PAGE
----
Domestic Violence Awareness Month provides us the opportunity to reinforce our commitment to preventing domestic violence in the military. With supportive counseling services and expanded reporting options, the Department of Defense is working hard to prevent domestic violence and protect victims. Our militaryís leadership, from the top down, wants to ensure that our servicemembers and their Families understand the importance of this issue and what steps are being taken to stop domestic violence, protect victims and hold offenders accountable for their behavior.

Most of us recognize that healthy relationships are built on trust and good communication skills. When couples can trust one another and openly communicate, it is much easier to address problems before they escalate into potentially abusive situations.

However, when abuse does occur, it is important for the victims to understand their reporting options. Conflicting feelings about reporting the abuser or a general fear of reporting may prevent victims from seeking help. Some may worry about losing military benefits such as housing, medical or commissary privileges. The DoD recognizes these concerns and has made reporting domestic violence easier. Victims can choose to make either an unrestricted or a restricted report and in both cases can receive advocacy, medical help, and counseling.

Victims of domestic abuse who want an official investigation should make an unrestricted report by contacting the servicememberís command, FAP, or law enforcement. The incident will be fully investigated and the victim will have access to victim advocacy services, medical care and counseling. Unrestricted reports also provide the command with the discretion to take administrative action against the offender.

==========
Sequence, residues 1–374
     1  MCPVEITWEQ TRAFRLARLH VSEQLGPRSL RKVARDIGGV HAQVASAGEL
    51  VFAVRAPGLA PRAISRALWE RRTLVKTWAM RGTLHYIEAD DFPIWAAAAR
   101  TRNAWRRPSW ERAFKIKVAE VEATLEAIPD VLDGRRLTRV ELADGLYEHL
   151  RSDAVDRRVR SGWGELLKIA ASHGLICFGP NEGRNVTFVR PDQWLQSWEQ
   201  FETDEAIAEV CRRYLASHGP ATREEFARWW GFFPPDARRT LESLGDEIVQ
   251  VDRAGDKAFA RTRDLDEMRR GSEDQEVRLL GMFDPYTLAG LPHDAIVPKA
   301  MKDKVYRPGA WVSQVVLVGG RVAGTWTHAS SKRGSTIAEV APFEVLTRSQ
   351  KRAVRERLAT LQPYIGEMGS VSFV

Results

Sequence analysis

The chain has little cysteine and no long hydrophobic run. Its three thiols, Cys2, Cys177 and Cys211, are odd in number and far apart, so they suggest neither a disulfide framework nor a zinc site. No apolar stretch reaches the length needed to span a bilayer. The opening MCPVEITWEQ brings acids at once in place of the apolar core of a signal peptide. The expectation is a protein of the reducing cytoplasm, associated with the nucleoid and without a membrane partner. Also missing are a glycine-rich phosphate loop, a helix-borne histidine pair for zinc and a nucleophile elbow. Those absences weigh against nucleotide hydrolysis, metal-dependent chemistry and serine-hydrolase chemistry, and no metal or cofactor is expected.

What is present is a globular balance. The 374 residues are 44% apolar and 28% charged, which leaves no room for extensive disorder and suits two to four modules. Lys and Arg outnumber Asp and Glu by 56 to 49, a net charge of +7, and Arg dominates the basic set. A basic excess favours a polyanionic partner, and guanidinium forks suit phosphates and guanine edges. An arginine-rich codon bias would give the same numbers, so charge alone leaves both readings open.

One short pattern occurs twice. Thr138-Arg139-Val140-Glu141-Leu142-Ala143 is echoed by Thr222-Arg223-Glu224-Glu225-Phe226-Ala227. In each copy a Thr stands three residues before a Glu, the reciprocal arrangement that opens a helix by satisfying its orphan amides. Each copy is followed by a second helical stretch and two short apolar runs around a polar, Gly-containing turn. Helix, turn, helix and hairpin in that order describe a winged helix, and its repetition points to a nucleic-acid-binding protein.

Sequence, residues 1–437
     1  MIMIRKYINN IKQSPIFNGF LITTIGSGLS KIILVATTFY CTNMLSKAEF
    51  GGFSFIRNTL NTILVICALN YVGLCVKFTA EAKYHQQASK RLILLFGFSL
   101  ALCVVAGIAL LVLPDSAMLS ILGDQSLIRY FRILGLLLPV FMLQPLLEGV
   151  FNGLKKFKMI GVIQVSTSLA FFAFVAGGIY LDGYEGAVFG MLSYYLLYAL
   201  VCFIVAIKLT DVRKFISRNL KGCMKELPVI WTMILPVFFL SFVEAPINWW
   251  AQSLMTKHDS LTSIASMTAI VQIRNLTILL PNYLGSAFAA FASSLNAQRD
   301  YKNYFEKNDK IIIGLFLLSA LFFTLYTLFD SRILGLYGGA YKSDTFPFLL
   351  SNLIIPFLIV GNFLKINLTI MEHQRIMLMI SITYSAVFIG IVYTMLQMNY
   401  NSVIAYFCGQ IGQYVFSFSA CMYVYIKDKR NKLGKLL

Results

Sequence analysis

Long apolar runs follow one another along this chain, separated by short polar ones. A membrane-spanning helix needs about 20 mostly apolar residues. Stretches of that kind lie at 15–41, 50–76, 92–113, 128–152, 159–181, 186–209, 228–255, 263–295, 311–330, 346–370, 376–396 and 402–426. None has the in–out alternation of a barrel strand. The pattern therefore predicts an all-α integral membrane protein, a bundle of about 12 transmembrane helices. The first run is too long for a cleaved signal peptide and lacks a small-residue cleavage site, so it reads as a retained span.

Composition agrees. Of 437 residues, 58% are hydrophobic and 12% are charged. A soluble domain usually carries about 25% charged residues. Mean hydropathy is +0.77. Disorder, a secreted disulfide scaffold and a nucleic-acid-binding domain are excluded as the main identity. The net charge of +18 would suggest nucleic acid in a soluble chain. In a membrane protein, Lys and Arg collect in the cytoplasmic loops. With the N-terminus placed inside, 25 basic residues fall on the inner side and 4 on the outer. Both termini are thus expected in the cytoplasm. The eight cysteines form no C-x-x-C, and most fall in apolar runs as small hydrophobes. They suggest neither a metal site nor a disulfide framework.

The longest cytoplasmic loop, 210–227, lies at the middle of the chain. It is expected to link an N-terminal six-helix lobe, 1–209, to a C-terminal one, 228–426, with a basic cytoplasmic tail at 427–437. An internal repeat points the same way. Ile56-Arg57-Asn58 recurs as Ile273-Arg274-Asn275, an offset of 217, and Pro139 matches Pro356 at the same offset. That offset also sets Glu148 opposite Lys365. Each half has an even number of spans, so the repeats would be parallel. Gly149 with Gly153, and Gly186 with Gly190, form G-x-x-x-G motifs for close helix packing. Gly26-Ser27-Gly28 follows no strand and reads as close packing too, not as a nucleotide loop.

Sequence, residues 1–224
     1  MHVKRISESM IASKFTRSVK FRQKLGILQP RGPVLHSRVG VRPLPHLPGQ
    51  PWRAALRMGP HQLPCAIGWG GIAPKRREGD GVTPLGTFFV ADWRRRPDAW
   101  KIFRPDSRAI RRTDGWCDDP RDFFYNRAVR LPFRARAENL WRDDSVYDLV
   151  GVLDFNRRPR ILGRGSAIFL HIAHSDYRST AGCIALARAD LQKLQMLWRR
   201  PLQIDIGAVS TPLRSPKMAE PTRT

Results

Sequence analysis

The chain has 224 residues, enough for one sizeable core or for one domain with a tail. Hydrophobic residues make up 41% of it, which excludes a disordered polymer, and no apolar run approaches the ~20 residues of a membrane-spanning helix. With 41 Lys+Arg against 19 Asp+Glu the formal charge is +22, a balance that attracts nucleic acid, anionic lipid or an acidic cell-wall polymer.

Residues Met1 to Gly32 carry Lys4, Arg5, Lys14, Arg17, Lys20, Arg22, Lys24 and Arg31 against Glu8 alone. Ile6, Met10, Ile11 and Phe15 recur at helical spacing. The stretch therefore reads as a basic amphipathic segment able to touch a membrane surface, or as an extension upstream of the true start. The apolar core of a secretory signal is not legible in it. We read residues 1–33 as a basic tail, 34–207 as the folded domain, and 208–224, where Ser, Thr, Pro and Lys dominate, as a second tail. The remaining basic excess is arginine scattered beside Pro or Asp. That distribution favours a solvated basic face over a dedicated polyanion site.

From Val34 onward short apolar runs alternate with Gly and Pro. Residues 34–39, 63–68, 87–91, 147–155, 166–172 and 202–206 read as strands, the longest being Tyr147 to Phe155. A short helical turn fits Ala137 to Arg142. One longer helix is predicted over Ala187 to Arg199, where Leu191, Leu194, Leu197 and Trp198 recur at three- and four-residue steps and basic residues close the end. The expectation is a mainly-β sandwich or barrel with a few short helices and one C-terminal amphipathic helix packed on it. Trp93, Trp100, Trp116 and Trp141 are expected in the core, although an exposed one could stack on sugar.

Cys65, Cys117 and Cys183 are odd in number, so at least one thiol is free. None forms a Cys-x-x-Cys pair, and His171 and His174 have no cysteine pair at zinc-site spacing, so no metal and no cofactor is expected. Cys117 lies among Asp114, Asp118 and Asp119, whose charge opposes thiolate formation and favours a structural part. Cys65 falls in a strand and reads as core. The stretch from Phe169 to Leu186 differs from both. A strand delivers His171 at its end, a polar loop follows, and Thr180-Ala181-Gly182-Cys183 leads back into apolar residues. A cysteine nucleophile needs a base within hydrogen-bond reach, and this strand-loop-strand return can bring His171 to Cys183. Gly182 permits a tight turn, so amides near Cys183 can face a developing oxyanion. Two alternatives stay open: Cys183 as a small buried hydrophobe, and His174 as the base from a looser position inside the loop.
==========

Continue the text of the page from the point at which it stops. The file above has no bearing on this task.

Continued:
Victims who do not want to pursue an official investigation but who would like to receive victim advocacy services, medical care, and counseling can make a restricted report to a FAP victim advocate, clinician, supervisor, or a military health care provider. A restricted report allows the victim time to evaluate the relationship and to take control over how much information he or she wants to share, with whom and when. A restricted report means law enforcement and the command will not be notified of the abuse and there will be no investigation or administrative action taken. For some victims, a restricted report provides a greater sense of control and empowerment.

If you or someone you know has experienced domestic abuse or if you would like more information about counseling services or reporting options, contact your local FAP or Military OneSource at 800-342-9647.

For our programs and services to be effective, we need to hear from you. Were you aware of the available reporting options?

One incident of domestic abuse is too many. Join me this month to spread the message that domestic violence victims are not alone and DoD is working hard to prevent abuse and protect Families. Until next time, be well.